In 1972, Saban was gone and John Ralston had arrived, again as general manager/head coach, and he wanted a fresh start. Ralston came to Denver on the heels of back-to-back Rose Bowl wins at Stanford. He was a master organizer an wanted team focus to be at a high level, so for the only time in team history, the Broncos went out of state for training camp to Cal Poly Pomona, in the Los Angeles suburb of Pomona.

The school had its own farm and prided itself on the culinary program, so this was the first time the Broncos had structured, organized, high quality meals three times a day. They stayed in Pomona through 1975, and Ralston delivered the team's first two winning seasons with Cal Poly Pomona as the camp site.

Ralston had established a winning team on the cusp of the playoffs by 1976, so that year he felt the California mission was completed and the Broncos once again moved camp to CSU in Fort Collins, where they stayed through 1981.

That was where I had my first camps as an employee, starting in 1977. These were tough practices, two-a-days every day for a month, full pads at every practice, lots of contact, including Oklahoma drills, and no water. The team got a Popsicle break halfway through each practice.


Red Miller had come aboard as head coach in 1977, and he remains a pivotal figure in Broncos history. Denver had never made the playoffs before Red arrived, and he not only took the Broncos to the Super Bowl in 1977, but helped build the culture that has continued ever since.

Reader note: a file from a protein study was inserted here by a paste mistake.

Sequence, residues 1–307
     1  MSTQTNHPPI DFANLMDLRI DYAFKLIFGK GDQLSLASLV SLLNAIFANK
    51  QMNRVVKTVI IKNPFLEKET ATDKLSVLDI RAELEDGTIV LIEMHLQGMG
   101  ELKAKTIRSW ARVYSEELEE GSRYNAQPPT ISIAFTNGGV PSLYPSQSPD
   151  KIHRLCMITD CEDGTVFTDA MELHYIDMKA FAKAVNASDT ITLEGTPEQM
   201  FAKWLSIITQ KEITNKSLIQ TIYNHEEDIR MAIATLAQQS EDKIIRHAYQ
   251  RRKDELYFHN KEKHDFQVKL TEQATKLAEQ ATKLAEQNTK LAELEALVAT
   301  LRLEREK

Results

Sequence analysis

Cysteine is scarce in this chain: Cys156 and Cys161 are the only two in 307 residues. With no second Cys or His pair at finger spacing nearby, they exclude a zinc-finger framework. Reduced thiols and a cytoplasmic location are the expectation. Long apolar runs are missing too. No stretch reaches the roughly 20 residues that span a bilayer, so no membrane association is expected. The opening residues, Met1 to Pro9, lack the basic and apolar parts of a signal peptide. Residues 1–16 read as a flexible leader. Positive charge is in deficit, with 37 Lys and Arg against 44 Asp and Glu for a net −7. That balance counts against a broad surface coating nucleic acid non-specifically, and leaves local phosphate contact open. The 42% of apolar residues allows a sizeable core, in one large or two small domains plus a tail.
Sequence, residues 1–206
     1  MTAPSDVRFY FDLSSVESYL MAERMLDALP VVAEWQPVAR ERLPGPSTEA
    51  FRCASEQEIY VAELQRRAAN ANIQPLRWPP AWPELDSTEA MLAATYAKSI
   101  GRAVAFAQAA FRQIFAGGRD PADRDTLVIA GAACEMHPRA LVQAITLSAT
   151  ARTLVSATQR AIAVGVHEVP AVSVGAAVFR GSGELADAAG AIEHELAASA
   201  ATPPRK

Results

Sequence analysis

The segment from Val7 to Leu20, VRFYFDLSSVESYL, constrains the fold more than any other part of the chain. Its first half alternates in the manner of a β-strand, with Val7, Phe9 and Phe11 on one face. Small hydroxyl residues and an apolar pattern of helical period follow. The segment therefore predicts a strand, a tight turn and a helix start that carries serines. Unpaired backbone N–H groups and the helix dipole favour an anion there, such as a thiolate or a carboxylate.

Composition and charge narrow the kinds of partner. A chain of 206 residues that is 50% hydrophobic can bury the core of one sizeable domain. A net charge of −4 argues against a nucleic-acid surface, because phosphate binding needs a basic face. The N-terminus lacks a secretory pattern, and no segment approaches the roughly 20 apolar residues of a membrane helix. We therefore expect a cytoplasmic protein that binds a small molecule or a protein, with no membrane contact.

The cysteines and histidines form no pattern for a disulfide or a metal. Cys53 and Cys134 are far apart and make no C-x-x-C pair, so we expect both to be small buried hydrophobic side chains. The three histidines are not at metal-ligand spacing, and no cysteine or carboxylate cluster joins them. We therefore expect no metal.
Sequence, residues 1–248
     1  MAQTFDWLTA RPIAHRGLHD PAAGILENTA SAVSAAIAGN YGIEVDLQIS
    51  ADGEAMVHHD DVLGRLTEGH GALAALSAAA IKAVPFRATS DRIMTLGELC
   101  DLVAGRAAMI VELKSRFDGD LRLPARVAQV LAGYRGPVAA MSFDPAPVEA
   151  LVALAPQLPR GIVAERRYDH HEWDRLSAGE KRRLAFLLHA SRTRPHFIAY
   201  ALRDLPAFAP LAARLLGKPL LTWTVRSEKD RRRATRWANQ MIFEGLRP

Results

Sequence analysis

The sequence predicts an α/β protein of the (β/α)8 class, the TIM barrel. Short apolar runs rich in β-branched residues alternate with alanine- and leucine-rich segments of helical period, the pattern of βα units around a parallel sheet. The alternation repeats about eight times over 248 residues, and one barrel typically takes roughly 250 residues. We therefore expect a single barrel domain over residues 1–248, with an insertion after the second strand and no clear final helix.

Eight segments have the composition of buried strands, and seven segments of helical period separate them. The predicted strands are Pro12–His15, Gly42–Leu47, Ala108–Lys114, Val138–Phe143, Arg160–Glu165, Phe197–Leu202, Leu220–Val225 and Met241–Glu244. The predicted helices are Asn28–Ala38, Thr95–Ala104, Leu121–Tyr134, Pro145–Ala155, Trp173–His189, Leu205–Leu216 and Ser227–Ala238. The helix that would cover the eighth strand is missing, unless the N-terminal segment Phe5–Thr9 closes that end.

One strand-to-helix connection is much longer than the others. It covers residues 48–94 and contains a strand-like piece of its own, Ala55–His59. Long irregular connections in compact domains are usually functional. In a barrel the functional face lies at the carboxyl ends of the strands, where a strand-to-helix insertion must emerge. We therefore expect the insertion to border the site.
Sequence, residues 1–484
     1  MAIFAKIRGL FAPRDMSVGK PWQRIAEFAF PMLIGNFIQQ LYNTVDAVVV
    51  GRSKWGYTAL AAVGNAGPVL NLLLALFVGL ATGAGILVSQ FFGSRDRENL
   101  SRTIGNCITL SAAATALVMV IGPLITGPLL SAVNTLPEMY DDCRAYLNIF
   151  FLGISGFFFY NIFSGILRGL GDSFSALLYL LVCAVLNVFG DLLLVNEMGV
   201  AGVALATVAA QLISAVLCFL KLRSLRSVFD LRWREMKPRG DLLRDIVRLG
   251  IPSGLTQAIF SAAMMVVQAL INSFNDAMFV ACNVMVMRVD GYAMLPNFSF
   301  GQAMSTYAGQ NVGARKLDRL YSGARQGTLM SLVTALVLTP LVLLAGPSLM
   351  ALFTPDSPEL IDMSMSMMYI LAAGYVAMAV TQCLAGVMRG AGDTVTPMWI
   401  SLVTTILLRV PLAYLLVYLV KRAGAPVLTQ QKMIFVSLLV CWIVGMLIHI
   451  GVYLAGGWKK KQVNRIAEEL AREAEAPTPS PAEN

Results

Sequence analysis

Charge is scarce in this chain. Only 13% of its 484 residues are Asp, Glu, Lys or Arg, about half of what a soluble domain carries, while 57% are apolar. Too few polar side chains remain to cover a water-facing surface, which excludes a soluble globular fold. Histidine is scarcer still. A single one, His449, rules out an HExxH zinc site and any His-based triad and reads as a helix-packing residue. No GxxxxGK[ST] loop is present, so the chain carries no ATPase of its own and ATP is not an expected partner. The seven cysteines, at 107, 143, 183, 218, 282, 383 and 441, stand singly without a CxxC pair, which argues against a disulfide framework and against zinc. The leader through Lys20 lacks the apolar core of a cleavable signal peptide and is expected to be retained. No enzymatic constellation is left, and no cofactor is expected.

The team's contract to keep its training camp at CSU ran through 1981, so when Dan Reeves arrived that year camp stayed in Fort Collins, but new fields were being built at the University of Northern Colorado in Greeley and UNC made the Broncos a great offer that included much more practice space.

So to Greeley we went in 1982, staying there for the longest tenure of any training camp location, through the 2002 camp for a total of 21 years.

In one of the more vivid memories from Greeley, I remember John Elway wanting to get a haircut but just never having the time to do so as a rookie in the 1983 camp. So I arranged for an off-duty Greeley barber to cut John's hair at his home, and had a Greeley policeman meet John after the last meeting of the day to take him to and from his hair appointment. The barber did a nice, clean job, as I recall.


The next change, which brought training camp back to Denver, was precipitated by the state-of-the-art facility that the Broncos call home as well as by the changes in the game as well.

Now, offseason conditioning and on-field programs create a sense within the game that camps do not have to be as long, as well as the players and teams having agreed on a set limited number of practices on the field, practices in pads, and so forth.

Any time you come into training camp as the defending world champions, you do so with the certainty that your program is functioning at the highest level.

It all begins this week, and every aspect of training camp has been taken into account as the Broncos enter their 14th training camp at team headquarters, named UCHealth Training Center in 2015.

Everything is first class, and no one will be doing conditioning drills with buckets of cement.